31 July 2012
The recent torrential rainfall in South West England and consequent flooding across the Somerset Levels and Moors has been exceptional for this time of year and Natural England continues to work with farmers and partner organisations to help manage the consequences for wildlife and farming businesses.
Jointly with the Environment Agency, we have now contacted all farmers on Wet Moor, West Moor, West Sedge Moor, Moorlinch and North Moor offering support, advice and contact points.
In recognition of the cash flow issues being experienced by farmers, we have prioritised the next Environmental Stewardship (ES) agreement partial payments to Levels & Moors farmers, so that they will be paid at the earliest possible opportunity.
On Curry & Hay Moor we have now issued derogations to most of the affected farmers. These will enable Agri-Environment Scheme payments to continue, whilst allowing land management requirements that normally apply under agreements and SSSI designation to be lifted. This action reflects the current situation where operations such as hay-making and grazing are not feasible and allow works to aid recovery of the area.
Information on derogations to support farmers coping with wet weather has been published on the Natural England website
If any farmers have outstanding capital claims for Environmental Stewardship agreements, then please submit them promptly (with the relevant receipted invoices) and we will ensure these are prioritised too. For Environmentally Sensitive Area agreements, claims will be paid on or just after 16 October (the earliest possible date) so long as claims are received by mid- September.
In recent weeks, Phil Shere of the Environment Agency and Claire Stride of Natural England have met with almost all of the farmers and landowners, whose land has been flooded on Curry and Hay Moors.
Any affected farmer who would like to talk to Phil or Claire can contact Phil Shere (Environment Agency’s Lead Agricultural Advisor for the South West region) on 07792878577 or email email@example.com or Claire Stride (Natural England’s Lead Adviser for Curry Moor), on 07831617656 or email firstname.lastname@example.org
On Tuesday 15th August, the following situation update was issued by the Environment Agency:
We have continued to pump with hydrogen peroxide being deployed at both the Long Load and Huish Episcopi pumping stations, with Midleney having been switched to automatic operation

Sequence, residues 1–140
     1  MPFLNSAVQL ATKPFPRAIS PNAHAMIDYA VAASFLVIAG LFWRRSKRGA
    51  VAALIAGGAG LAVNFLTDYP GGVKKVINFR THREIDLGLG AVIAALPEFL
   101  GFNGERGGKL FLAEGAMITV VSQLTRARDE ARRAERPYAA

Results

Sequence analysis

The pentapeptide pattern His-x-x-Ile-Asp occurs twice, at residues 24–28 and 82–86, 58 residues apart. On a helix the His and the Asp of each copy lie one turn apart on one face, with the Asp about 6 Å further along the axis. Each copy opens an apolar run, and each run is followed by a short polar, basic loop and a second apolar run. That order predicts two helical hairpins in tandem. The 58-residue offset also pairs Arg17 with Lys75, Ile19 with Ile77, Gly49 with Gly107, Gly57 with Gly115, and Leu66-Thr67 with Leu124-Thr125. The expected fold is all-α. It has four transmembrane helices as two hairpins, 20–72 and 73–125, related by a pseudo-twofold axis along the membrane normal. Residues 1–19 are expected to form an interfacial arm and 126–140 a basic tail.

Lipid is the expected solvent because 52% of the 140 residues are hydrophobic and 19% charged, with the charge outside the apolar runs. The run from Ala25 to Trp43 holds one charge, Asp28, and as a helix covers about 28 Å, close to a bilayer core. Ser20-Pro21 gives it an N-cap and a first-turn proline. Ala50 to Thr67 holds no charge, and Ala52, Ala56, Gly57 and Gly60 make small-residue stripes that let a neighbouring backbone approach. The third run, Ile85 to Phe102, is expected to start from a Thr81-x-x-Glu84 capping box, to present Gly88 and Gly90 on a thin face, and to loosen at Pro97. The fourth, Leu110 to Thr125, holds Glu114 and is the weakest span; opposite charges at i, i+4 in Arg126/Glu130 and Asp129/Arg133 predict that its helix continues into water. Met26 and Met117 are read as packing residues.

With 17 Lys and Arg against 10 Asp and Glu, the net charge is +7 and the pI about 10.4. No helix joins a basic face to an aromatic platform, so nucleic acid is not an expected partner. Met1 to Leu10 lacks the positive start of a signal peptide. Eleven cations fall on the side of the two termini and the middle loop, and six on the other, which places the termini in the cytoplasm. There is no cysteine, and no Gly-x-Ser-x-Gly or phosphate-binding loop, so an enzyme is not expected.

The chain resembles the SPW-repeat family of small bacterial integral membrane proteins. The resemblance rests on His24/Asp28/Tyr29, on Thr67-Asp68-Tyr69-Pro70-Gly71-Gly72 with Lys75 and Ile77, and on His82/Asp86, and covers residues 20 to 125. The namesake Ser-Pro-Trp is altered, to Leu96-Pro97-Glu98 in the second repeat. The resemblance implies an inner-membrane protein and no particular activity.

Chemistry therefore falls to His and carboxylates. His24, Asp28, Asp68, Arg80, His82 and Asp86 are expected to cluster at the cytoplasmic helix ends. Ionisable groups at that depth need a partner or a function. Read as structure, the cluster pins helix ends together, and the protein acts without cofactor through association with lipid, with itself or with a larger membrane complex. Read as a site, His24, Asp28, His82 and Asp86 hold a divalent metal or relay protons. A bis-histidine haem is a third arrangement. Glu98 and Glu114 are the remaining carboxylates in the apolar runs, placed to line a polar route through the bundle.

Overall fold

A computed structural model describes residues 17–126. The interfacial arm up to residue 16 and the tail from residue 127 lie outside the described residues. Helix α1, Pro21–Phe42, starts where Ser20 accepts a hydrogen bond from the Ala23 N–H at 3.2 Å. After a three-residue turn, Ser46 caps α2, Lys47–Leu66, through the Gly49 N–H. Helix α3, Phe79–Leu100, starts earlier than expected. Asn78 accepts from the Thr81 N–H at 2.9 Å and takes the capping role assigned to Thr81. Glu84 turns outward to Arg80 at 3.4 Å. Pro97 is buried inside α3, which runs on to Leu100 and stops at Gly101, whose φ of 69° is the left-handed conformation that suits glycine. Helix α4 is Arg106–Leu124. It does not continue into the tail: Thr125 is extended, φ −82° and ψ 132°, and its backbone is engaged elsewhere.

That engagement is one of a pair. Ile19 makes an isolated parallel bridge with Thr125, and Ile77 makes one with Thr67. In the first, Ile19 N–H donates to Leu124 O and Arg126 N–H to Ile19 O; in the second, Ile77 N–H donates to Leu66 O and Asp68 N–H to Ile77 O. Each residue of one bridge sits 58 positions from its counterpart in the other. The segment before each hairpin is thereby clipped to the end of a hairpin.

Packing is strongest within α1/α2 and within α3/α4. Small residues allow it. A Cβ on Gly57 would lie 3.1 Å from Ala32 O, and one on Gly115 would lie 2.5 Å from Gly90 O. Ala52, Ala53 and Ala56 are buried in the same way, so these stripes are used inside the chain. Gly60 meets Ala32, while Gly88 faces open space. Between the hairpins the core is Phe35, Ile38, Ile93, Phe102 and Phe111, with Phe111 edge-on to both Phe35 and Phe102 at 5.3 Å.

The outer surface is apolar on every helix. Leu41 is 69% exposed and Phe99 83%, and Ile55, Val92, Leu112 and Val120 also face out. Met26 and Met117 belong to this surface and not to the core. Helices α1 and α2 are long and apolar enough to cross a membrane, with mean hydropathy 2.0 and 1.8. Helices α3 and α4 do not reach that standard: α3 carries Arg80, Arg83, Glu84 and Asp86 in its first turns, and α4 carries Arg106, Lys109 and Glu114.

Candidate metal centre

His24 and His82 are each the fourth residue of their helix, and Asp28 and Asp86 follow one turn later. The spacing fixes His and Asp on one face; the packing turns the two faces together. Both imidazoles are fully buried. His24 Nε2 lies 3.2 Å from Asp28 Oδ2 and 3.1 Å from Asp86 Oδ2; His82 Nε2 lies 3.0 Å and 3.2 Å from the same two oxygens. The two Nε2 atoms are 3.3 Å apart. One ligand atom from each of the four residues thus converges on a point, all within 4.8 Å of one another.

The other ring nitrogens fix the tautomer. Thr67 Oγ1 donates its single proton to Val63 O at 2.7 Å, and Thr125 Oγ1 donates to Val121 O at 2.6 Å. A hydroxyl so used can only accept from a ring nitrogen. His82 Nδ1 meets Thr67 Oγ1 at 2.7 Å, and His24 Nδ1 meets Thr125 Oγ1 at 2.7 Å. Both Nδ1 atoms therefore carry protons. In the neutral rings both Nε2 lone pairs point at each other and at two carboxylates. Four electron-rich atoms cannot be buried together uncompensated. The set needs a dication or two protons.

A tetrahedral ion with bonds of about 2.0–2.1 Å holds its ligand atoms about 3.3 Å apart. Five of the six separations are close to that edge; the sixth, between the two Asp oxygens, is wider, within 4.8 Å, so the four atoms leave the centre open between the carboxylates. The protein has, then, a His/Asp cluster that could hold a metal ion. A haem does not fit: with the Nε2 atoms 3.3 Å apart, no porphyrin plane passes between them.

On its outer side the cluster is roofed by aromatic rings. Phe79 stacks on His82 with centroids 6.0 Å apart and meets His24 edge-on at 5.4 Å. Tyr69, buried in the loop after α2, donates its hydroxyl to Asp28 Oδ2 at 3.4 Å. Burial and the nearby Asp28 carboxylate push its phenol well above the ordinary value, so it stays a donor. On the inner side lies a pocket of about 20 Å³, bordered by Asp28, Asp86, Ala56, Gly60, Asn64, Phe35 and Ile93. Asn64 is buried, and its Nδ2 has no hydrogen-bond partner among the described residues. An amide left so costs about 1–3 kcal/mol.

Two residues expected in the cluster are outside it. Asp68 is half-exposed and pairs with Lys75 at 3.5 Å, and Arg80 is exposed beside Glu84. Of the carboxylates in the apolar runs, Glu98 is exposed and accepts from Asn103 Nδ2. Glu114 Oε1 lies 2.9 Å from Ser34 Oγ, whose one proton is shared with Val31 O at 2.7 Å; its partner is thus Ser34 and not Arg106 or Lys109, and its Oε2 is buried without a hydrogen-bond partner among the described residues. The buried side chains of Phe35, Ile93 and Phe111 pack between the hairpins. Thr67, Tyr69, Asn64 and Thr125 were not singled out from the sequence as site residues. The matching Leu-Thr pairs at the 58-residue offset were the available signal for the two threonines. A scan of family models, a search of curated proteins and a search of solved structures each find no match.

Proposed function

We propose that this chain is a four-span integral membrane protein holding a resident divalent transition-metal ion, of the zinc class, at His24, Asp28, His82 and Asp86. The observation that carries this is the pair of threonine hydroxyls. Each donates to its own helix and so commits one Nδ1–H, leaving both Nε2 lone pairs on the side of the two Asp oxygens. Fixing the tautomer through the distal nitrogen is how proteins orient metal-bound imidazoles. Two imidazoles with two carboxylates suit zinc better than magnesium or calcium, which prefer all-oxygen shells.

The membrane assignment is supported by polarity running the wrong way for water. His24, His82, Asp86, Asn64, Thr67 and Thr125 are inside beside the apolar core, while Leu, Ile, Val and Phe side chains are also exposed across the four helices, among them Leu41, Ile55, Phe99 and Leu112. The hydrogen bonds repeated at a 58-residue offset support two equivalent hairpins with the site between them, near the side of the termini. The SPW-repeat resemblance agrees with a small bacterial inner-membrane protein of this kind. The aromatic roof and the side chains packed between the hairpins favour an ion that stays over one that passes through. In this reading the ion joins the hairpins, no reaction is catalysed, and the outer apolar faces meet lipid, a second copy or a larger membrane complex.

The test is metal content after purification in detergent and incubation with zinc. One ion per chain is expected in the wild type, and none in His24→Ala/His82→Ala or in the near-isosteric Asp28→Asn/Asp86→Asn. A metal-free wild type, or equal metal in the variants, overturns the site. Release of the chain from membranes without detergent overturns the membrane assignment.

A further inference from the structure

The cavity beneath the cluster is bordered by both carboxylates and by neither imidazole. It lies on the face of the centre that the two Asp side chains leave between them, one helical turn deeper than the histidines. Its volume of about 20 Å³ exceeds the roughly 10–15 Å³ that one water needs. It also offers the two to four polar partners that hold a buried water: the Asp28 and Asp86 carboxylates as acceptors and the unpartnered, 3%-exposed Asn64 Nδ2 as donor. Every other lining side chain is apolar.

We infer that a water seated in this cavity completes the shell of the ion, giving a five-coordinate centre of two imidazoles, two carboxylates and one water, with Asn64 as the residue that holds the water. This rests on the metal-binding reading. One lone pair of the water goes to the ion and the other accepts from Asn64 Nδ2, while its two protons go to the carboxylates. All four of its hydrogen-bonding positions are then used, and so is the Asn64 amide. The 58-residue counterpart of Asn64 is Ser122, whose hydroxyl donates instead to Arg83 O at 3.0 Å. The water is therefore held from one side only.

The water levels have been gradually reducing and we have achieved summer levels but recharge has brought the levels back up slightly. We are aiming to increase the pumping tomorrow at Long Load to further reduce to winter levels but as ever this will be dependent on dis-solved oxygen levels.
To assist with this and with river flow in the Yeo Wessex Water are continuing to release water from Sutton Bingham reservoir to support our pumping.
On Wednesday 1st August, the following situation update was issued by the Environment Agency:
We have now shut down the pumping at Long Load and are concentrating on pumping at Huish Episcopi.
The reason is that the river environment is very sensitive to poor quality water from the moors entering the rivers and generally can only cope with input from one pumping station. Focussing our efforts again at Huish Episcopi will give the River Yeo a rest and time to recover.
Pumping started at Huish Episcopi this morning and will be continuing this for two hours at a time, with an hour’s interval between sessions, when the pumping will stop to allow the river ‘to rest’ and to gauge its response. We are closely monitoring the dissolved oxygen levels and will look to increasing the pumping rate if possible.
We have deployed flow balls at Oath and Monk’s Leaze and are using aeration equipment and hydrogen peroxide to support our pumping and are currently monitoring dissolved oxygen levels at 18 different sites.
On Monday 30th July, the following situation update was issued by the Environment Agency:
We are continuing with the gravitational drainage at Long Load which today will be supplemented with intermittent pumping hoping to try and reduce the water levels more quickly.
The water recharge rate is faster at Long Load than at Midleney or Huish Episcopi due to water entering the system from watercourses on Witcombe Bottom and Kingsmoor sides of the river Yeo so we have been concentrating our efforts here.
This drainage is being supported at Long Load with the continued use of hydrogen peroxide to tackle low dissolved oxygen (DO) levels and the use of aeration equipment, including using weed cutting boats both to agitate and aerate the water and to monitor DO levels.
On Friday we negotiated with Wessex Water the release of water from their South Bingham reservoir to increase the low flows in the river to augment the dilution of the very poor quality water that we are discharging into the river.
The River Brue system is managed by natural drainage not by pumps and due to low dissolved oxygen levels on the Brue we have dropped the sluice at Hackness in order to pen water and improve DO’s.
Although there is still water laying in the Godney area the levels have dropped back to those normally found in the summer with improving water quality.
We are planning an aerial survey later today of the moors and levels to assess the impact and progress of our operation to date.
In the meantime, we continue to deploy both local and staff and equipment from other areas of the country and to work as hard as we can to re-solve the situation.